The Vulture was crated and driven up to VulPro’s centre on 5 September. Prof Katja Koeppel from Onderstepoort, examined the vulture, and more X-rays were taken. Due to the extent of the infection, and the treatment already administered, a recommendation was made to euthanize the bird, but this was met with great resistance from VulPro. They agreed to attempt a toe amputation, in the hopes that it would improve the condition. The amputation resulted in another 5-week course of antibiotics, daily laser treatments and bandage changes every two days. After 5 weeks of treatment, blood was again drawn, and incredibly, no infection was detected! The laser treatment had allowed the swelling to subside, although some excess skin remained. The stitches were removed, and a decision was taken to keep the vulture under observation for a further 3 weeks. During this valuable rehabilitation, it happily fed on full carcasses and steadily improved and became stronger and self-sufficient. An EOPS tracking device was attached to the vulture, making it the second ever adult Cape Vulture to be fitted with a tracking device in the Potberg colony (the only known colony in the Western Cape of South Africa). Elated with this progress and the positive recovery, the vulture was declared eligible for release!
The vulture, fondly named George by a VulPro volunteer, is described as a true gentle soul. This bird handled all this treatment like a champion and was incredibly calm and tolerant throughout; almost gratefully accepting the help.
Once eligible for release, George, accompanied by a VulPro representative, flew to the George Airport through Airlink who graciously sponsored the flight. They were both collected from the airport by the Cango Wildlife Ranch team and overnighted in Oudtshoorn. On 25 October, at 5:45AM, the great trek back to the Potberg region commenced to release George. Shortly after arriving there, his crate was opened in an open field. George sauntered out his crate, and in his calm nature, took in his surroundings before he took flight. Another magical moment experienced by all who had the privilege of being part of this release.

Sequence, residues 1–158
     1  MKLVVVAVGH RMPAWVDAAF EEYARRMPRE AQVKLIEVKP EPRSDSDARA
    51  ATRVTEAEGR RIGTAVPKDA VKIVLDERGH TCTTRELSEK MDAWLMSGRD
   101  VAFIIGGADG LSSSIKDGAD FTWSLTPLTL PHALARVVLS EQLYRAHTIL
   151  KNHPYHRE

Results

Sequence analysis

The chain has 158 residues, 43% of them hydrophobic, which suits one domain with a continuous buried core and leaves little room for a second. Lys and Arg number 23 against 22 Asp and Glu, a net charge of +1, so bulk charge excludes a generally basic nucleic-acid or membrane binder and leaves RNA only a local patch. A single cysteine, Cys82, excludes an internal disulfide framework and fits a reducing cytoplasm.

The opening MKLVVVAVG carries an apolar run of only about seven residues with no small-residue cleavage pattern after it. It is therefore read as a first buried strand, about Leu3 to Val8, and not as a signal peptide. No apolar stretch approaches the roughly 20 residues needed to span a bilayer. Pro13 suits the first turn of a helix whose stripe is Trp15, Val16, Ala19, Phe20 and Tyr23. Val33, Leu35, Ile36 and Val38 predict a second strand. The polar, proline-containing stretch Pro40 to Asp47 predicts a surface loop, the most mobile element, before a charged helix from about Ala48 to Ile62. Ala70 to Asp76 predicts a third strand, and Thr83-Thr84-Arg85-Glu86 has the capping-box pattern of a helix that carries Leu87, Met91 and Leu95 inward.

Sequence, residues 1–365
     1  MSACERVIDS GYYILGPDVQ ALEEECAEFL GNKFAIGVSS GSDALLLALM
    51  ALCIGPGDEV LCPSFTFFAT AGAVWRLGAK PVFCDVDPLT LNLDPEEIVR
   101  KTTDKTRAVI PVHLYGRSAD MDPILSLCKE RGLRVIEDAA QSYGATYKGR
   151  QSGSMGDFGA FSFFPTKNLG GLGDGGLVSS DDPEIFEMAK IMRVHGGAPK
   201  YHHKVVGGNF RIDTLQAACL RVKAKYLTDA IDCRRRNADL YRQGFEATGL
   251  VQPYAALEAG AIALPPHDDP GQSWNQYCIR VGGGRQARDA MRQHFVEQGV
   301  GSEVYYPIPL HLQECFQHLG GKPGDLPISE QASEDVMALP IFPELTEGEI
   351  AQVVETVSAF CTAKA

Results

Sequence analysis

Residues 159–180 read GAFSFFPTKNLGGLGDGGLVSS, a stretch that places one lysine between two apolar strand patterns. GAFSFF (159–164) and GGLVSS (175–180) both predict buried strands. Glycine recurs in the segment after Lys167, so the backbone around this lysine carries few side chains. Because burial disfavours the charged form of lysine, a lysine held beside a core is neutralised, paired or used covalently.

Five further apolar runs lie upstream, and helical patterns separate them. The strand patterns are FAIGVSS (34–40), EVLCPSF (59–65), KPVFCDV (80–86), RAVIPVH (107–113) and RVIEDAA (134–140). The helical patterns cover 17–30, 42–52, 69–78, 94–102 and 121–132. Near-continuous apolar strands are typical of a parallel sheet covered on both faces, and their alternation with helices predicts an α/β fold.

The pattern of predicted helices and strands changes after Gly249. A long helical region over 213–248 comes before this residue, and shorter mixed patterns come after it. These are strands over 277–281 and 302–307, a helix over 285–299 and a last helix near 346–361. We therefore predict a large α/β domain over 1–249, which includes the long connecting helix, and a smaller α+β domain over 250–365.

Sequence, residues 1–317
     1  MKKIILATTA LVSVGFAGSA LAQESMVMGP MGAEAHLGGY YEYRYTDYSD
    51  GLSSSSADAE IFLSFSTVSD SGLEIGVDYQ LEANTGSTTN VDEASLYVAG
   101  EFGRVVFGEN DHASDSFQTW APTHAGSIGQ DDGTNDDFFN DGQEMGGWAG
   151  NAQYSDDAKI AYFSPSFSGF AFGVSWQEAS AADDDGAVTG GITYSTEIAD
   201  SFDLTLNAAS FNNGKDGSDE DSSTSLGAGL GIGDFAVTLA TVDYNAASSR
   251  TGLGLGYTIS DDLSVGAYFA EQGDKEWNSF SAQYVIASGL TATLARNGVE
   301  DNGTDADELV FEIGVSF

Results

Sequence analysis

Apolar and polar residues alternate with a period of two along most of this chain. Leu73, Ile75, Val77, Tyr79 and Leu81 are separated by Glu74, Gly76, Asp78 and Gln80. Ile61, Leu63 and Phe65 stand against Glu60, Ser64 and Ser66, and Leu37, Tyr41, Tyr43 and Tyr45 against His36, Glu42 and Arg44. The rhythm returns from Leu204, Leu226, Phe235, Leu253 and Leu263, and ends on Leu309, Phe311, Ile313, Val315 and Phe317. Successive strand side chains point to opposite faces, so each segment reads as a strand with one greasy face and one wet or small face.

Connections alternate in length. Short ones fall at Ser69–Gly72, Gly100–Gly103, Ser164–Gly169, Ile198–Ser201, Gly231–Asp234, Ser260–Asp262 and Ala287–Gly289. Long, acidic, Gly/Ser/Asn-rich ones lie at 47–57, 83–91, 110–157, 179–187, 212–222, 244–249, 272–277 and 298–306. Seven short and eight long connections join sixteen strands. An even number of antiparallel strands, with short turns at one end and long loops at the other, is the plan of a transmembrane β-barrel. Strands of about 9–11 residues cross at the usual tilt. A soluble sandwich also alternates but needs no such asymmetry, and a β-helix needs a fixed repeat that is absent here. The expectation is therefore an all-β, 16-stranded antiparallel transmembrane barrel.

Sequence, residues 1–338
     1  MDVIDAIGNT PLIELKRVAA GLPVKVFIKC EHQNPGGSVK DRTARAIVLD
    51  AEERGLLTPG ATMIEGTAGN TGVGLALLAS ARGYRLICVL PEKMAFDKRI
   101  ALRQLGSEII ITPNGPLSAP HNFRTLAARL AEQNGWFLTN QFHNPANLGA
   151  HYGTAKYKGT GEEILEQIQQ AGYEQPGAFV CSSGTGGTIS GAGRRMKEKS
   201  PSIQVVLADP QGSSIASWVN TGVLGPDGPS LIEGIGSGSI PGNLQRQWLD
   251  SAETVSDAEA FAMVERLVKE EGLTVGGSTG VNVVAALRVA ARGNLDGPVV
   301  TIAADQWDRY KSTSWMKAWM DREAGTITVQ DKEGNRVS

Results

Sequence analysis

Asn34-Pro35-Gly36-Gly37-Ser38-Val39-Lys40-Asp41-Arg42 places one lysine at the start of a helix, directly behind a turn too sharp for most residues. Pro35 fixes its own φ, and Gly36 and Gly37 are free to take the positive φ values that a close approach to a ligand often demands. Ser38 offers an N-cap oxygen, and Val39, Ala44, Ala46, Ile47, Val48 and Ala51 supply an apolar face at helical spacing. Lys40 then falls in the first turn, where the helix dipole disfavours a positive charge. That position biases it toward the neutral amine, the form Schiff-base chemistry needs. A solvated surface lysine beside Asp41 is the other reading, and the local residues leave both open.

Shortly after everyone returned home, we received an amazing notification from VulPro. Based on the tracker, the bird had returned to his colony. Needless to say, there is simply no better outcome than this!
This amazing success was made possible by the collaboration and care of all parties involved; from the owner of the Potberg Guest Farm to the wonderful staff at De Hoop Nature Reserve, the local farmer who discovered the bird, the incredible efforts of CapeNature, VulPro with their leading expertise and their phenomenal medical team, University of Pretoria’s Faculty of Veterinary Sciences Wildlife Unit, Cango Wildlife Ranch for their treatment, housing and care including the assistance received from Oudtshoorn Veterinary Clinic and Physiotherapist Peter Burnett, and last but not least, a big thank you to Airlink for the valuable sponsorship of flights. It proves once more, that together we can truly achieve so much more.
We wish ‘George’ great health and safe flights, always!